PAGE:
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Kong: Skull Island – Where creativity goes to die…

Cinema should be something incredible to behold. An astounding and revelatory experience that expands what you thought was possible. I can safely say that Kong: Skull Island is just that. I still struggle to conceive how a film so garbled, stupid and unnecessary was greenlit. Did anyone ask for this? Were there fans clamouring for another King Kong film? No.

But my opinion and all the evidence supporting the case that Kong: Skull Island is a worthless, incoherent mess (exhibit a: the film itself) is wrong. For at time of writing, the Wikipedia article for the film states as incontrovertible fact that ‘Upon release, the film garnered massive acclaim from critics and audiences with many praising the action sequences, the visual style, effects, stunts, humour, writing, direction and Kong’s design and return to the cinema as well as the acting.’

Warner Bros. has it really come to this? Surely you can do better as a marketing strategy than having an intern briefly edit the film’s poor reception out of history?

This entire enterprise reeks of desperation

This film exists for one reason: franchising. All studios wallow in envy at Disney’s market dominance with the Marvel Universe. Warner Bros. have struggled to eat into this sustainably due to the poor traction of their DC films and it’s been a while since Harry Potter was keeping them afloat with steady and jaw-dropping revenue. So the studio is looking to tie-down and optimise what other properties it has rights to for more franchise fodder. Because it isn’t good films that will make them money, oh no: it’s having film after film after film each with interlinked brand recognition.

Kong: Skull Island exists to shamelessly and unceremoniously kick off a new franchise. Legendary Pictures own the rights to King Kong and have teamed up with Warner Bros. to combine their license with the Godzilla one which Warner Bros. picked up. We’ll get some Kong vs Godzilla flick before long. And probably a Mothra origin story. God help us.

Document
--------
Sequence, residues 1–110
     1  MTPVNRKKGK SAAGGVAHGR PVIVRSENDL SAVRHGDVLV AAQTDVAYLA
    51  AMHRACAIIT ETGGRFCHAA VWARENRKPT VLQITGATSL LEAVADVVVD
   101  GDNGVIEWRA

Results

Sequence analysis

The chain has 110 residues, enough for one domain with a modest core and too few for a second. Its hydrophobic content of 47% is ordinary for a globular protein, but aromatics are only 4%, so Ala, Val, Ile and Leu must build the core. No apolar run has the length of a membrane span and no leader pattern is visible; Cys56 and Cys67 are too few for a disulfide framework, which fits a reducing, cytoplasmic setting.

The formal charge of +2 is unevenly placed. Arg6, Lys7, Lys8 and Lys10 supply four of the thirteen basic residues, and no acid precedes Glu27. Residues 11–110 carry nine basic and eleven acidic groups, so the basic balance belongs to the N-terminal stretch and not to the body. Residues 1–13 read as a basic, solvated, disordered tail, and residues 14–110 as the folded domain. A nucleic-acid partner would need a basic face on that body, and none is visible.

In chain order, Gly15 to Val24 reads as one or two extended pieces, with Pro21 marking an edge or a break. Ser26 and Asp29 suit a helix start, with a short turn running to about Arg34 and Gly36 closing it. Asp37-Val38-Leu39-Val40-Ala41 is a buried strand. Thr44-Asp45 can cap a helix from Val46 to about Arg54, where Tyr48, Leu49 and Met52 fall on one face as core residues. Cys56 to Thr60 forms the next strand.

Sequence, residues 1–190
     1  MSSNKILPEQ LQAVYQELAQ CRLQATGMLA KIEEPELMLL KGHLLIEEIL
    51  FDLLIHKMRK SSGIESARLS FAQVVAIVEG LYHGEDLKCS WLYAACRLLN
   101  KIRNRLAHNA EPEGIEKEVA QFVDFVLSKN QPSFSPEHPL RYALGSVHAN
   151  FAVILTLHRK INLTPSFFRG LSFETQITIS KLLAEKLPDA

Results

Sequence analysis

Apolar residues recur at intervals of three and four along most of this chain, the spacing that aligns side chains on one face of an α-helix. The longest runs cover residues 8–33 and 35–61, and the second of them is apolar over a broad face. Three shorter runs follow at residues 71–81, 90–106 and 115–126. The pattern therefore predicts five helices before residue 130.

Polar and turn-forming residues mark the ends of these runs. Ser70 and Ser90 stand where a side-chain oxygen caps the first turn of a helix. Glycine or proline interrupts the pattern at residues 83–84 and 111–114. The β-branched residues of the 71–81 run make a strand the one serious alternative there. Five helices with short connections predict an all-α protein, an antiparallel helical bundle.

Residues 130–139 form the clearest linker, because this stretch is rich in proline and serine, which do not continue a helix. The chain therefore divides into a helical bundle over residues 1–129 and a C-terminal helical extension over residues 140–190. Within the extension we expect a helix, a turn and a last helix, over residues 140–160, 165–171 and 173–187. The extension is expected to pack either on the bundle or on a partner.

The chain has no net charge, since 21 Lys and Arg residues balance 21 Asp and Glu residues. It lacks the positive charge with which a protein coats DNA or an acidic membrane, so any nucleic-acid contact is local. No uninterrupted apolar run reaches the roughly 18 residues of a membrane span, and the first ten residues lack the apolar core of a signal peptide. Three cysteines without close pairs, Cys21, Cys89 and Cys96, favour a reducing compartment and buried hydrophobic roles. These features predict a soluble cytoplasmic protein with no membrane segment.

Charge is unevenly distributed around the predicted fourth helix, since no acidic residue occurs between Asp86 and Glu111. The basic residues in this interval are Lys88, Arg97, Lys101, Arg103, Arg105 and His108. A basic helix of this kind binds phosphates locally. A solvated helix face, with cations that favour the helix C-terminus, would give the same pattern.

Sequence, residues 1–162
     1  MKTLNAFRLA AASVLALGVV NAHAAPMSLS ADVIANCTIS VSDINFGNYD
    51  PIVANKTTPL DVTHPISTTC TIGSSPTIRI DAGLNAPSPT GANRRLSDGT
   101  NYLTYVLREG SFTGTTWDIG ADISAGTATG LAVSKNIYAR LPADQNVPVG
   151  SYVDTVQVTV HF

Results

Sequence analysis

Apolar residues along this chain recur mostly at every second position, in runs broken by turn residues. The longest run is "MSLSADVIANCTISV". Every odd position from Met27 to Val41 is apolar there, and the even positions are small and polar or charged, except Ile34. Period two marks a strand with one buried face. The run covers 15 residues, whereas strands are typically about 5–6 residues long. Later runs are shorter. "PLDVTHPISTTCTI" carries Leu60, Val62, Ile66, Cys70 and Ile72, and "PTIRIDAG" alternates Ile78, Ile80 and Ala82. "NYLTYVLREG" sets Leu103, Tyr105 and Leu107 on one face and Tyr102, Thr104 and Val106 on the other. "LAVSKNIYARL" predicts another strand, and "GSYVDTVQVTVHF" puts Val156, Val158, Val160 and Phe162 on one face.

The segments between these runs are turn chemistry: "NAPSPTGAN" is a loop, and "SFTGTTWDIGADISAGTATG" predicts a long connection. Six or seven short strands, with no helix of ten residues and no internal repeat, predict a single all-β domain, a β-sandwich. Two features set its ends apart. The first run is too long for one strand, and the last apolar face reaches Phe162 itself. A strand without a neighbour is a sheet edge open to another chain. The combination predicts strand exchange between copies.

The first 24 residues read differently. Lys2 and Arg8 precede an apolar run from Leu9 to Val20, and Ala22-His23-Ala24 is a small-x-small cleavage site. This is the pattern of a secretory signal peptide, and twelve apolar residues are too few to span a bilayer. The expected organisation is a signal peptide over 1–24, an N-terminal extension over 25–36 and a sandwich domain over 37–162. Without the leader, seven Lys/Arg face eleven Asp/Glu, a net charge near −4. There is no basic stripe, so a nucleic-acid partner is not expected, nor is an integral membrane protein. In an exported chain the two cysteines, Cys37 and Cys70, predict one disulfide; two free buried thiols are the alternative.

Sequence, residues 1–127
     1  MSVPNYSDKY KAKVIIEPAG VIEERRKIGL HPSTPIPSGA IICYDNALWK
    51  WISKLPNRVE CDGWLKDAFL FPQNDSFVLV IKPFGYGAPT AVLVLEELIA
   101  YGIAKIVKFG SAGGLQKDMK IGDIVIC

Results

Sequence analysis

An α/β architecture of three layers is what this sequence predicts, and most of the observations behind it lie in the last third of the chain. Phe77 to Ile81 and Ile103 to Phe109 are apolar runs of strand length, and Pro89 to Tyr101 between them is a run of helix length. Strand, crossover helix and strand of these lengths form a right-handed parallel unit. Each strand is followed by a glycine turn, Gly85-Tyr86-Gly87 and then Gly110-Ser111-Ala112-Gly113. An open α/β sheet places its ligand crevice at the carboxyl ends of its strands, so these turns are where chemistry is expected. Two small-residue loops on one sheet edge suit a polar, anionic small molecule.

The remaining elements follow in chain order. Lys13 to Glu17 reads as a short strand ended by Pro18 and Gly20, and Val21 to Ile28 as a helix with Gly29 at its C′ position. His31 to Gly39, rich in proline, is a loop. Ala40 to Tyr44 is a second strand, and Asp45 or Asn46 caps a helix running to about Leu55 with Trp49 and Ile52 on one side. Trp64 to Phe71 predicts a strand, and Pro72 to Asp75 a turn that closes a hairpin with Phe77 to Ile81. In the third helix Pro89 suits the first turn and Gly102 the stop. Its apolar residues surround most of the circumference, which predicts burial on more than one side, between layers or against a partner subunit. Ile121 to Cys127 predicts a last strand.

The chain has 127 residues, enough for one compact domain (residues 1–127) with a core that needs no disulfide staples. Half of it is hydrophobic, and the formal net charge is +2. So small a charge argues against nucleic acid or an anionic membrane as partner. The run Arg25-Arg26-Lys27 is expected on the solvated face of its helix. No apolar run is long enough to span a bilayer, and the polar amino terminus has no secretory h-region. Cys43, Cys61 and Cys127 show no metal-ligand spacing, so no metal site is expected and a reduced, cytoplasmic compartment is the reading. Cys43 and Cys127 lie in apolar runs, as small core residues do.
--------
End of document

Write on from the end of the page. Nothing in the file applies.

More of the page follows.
This isn’t a film. This is a rushed hack job of elements stolen from other films

The studio has vomited out a hideous mix of incongruous elements none of which work on their own or in conjunction with each other. The worst elements of the Jurassic Park films are intercut with extremely confused references to Vietnam War films. The soundtrack is a clear attempt to ape (sorry, not sorry) Guardians of the Galaxy with its vintage rock inserts and, much like Suicide Squad, this is done with wild abandon to no beneficial effect. The actors do not want to be there and deliver their lines with naked contempt. I particularly feel sorry for Brie Larson – who saw her in Room and thought it would be a good idea to have her running around in a tank top doing nothing? We also have a Chinese character inserted with nothing to do because that is Hollywood’s idea of progress.

You may notice I haven’t talked about the big gorilla much. He isn’t integral to the film or in it that much. The film would much rather give focus to one-dimensional characters and play around with every toy in its playpen except for the giant ape.  Every element on some level is botched from CGI and script to acting and editing. Even the lighting is shoddy and woefully inconsistent shot to shot. The worst part is that I don’t think we’ve even begun to fathom how far this studio and its potential franchise could sink…


Verdict: I see bad films quite a lot. It’s rare I see one so unprofessional.

About Fenton Coulthurst

Fenton is an occasional writer and journalist. He primarily writes on film and culture. His articles range from film reviews, to coverage of literary festivals and even comic book history.

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